And that’s is when the story gets really interesting: a former indie musician, a prize-winning artist and software developers got together and demonstrated that the music industry could work differently. “It was kind of a meeting of minds: we got the same idea at the same time”, Barry explains. During his partnership with Heap, Barry “felt that there was an overlap between what [they] were trying to achieve and her vision as an artist towards a fair and renewed music industry.”
The idea of Ujo was simple but awesome: an open-sourced platform for artists and rights owners to sell their creations, enabling them to design and add their own services on top of the main infrastructure. Every transaction being recorded in the Blockchain, royalties are redistributed real-time in relation to the smart contract, a program automating the whole process.
My first thought after discovering about the possibilities offered to the music industry by Blockchain was: how can you bring clarity and fairness to artists when your technology relies on crypto-currency, know for its sudden shifts in value? And who, except for experienced techies, is willing to pay with Bitcoin or Ether to buy an album?
“It’s not that I don’t believe in crypto-currencies, but it’s not what attracts me in the technology.”, Phil Barry told me straight away. “We have to make it possible, at least in the short run, for people to engage with physical currency”. The idea here is not to get into a war with the current monetary system, but to bring back compensation to the people who are creating value. And Barry is straightforward about his skeptic he can be towards cryptocurrencies.
“Many people think that crypto-currencies can replace ‘normal’ money: I disagree. At least, not for now. The value of these currencies is increasing over time instead of decreasing, as there is only a limited amount of it: what would happen if the whole world started to use Bitcoin?” If you would like to learn more about cryptocurrencies, I recommend this cryptocurrency blog.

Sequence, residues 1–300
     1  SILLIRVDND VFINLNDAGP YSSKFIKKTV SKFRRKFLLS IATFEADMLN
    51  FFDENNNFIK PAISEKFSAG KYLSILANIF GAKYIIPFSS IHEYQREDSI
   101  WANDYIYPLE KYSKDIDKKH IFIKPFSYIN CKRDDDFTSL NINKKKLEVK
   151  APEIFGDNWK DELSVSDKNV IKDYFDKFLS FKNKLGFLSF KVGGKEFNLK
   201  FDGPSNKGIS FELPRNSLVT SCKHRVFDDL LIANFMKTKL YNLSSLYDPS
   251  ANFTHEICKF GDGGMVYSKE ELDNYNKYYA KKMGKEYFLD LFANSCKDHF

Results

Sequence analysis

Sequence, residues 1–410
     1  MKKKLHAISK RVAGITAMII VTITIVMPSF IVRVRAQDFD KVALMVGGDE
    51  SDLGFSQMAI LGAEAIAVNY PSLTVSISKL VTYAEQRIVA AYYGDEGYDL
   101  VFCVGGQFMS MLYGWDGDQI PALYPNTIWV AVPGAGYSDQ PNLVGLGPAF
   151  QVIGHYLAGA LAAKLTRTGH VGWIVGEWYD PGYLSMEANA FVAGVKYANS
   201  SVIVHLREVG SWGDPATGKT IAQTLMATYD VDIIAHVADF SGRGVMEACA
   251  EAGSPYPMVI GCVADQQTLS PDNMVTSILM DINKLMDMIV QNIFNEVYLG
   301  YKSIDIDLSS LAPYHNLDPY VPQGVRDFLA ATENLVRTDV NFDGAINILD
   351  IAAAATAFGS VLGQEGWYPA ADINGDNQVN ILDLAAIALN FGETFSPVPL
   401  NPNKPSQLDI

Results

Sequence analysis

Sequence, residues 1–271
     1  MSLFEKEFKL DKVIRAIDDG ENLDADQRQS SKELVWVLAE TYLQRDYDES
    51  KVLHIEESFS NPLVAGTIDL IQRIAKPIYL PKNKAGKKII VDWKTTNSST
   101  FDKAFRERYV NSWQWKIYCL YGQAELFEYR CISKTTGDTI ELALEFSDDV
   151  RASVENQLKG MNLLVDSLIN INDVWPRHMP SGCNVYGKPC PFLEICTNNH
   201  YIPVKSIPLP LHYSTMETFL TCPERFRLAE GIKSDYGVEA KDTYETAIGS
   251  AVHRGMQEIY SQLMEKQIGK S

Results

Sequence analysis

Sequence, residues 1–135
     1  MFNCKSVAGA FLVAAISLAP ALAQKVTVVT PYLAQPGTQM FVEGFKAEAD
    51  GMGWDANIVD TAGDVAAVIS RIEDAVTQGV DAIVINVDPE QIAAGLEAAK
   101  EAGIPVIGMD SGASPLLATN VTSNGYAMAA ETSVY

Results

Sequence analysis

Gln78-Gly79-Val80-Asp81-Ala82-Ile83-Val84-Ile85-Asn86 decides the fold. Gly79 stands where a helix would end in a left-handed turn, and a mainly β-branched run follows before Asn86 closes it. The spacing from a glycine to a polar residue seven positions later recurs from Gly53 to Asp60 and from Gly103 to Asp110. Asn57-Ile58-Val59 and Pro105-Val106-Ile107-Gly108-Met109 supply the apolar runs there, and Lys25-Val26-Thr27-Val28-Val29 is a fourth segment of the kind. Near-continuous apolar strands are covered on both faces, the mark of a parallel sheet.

Technology lately has had a huge influence on the business of making, recording and distributing music. Since the 2000’s, the industry sales shredded by half and all major labels completely reorganized themselves in a survival effort, all that because of P2P downloading. Tech companies earnt a great part of the cake by providing solutions that historical actors didn’t want to see emerging: digital sales and streaming. That recent disruption is the reason why labels and right holders won’t try to “put the technology back in the bottle again” P. Barry underlines. The practice of consumption and distribution of music has already changed so much; industry players would rather take advantage of Blockchain than denying an upcoming market trend again.
But the industry’s one and biggest concern might be what makes the core of Blockchain: transparency. Indeed, with data value going up the roof and the habit of joining confidentiality clauses to every royalty contract signed by an artist, it seems unlikely for music companies to go public about their business anytime soon. Unless if Blockchain’s praised efficiency turns out to save them enough money; especially what’s spent on performing rights management. In average, that represents 12.7% of total royalties.